But there are new challenges ahead.
Moody's Investors Service says that the pace of shadow banking activity in China has nearly converged to the rate of nominal GDP growth in recent quarters, as overall credit flows shift back toward the formal banking system.
According to a release from Moody's Investors Service, these trends reflect ongoing measures to contain financial risks, offset by monetary policy easing to support bank lending.
According to Moody's latest estimates, China's shadow banking assets reached RMB41 trillion at end-2014, representing 65% of GDP, compared to 58% at end-2013. But a slowdown is clearly evident, as seen in the shrinking share of shadow banking in overall credit flows.
Moody's analysis is contained in its third edition of the Quarterly China Shadow Banking Monitor. The Monitor draws on publicly available data sources to provide an overview of trends and developments in this important component of the Chinese financial system.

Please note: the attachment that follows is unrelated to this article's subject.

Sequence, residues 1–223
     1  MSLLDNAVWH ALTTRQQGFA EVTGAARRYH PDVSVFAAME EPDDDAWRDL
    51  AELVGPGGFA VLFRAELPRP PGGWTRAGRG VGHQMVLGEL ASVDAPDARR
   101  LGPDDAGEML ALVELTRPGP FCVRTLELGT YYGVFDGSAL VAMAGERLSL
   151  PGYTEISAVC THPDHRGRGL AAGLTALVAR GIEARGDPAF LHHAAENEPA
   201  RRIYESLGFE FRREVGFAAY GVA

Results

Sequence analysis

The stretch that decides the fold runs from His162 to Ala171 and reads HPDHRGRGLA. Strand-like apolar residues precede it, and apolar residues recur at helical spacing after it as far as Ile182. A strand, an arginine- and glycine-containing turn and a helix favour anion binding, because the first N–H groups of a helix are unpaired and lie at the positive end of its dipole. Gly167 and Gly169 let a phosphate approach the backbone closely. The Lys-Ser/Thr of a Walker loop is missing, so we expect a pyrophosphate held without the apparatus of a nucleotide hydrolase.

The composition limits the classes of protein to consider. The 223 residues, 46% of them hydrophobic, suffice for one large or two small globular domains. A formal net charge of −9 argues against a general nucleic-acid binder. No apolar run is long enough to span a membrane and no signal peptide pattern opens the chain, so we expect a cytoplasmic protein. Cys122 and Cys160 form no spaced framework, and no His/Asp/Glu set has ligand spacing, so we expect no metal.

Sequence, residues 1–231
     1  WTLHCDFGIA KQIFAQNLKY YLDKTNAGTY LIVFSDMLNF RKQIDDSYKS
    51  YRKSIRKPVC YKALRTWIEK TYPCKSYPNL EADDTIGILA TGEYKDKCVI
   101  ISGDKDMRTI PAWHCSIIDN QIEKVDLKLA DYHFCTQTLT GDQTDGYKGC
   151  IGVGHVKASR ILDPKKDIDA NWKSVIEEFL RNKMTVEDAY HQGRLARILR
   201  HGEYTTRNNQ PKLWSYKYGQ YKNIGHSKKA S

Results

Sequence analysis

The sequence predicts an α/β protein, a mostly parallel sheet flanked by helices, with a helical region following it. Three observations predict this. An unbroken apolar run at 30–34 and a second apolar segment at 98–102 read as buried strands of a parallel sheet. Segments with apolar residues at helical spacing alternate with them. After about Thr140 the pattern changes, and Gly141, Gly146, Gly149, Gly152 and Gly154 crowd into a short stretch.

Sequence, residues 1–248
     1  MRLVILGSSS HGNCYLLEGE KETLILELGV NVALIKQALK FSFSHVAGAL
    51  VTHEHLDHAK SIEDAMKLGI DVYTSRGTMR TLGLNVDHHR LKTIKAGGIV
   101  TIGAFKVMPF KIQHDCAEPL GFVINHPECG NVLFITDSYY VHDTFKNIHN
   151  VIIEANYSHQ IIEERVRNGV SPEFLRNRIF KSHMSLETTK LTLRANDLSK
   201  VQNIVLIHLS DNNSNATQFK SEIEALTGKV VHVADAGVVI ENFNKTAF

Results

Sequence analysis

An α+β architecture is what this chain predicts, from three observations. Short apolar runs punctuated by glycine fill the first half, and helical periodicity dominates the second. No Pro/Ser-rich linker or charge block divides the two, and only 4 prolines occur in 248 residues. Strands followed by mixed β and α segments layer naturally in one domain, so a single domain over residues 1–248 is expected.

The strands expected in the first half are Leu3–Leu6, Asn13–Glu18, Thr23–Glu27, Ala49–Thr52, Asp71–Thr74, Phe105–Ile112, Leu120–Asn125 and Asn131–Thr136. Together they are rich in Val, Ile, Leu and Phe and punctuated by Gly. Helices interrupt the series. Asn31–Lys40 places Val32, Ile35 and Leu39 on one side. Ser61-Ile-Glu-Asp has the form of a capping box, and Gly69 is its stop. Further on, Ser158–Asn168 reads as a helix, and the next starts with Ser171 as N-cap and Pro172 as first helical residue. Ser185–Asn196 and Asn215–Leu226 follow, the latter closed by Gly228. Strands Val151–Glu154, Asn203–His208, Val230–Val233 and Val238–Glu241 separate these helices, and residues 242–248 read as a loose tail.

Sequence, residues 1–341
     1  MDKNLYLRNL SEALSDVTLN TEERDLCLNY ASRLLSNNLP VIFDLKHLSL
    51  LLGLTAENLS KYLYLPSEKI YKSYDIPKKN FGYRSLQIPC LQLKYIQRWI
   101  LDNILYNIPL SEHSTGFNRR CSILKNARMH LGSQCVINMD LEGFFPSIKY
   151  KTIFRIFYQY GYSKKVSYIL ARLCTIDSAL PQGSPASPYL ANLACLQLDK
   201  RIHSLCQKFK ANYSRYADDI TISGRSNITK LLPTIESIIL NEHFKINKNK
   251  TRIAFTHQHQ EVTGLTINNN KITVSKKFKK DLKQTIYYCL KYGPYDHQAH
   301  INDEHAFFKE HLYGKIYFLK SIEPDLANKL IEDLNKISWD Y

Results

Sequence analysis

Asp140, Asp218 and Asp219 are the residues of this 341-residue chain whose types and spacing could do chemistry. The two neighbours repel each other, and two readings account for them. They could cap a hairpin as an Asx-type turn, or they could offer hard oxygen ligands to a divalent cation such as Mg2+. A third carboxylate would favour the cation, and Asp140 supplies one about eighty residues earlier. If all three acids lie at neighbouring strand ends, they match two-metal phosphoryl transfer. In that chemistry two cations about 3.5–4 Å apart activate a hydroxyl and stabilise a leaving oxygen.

Here's more from Moody's Investors Service:
"The shift in credit flows back to the regulated banking system should enhance transparency and reduce financial risks, but it could also create pressure on some borrowers, such as small and medium-size enterprises and small property developers who are reliant on the shadow banking sector," says Michael Taylor, Moody's Chief Credit Officer for Asia-Pacific.
Moody's also highlights changes taking place in the composition of shadow bank lending due to tighter regulations and surging investor interest in the stock market.
"The share of trust sector assets in the capital market has increased at the expense of more traditional trust loans, and activity of leasing companies is growing rapidly" says Stephen Schwartz, Moody's Senior Vice President and a co-author of the report.
"Also, despite recent measures to slow the rise in margin finance in the equity market, outstanding margin loans have continued to rise."
More generally, the high degree of interconnectedness between the shadow and formal banking systems in China poses financial risks.
Linkages arise from banks' distribution of wealth management products, bank lending to trust and securities companies, and spillover risks from financial leasing and guarantees. Other risks highlighted in the report include maturity mismatches and elevated property sector exposures.
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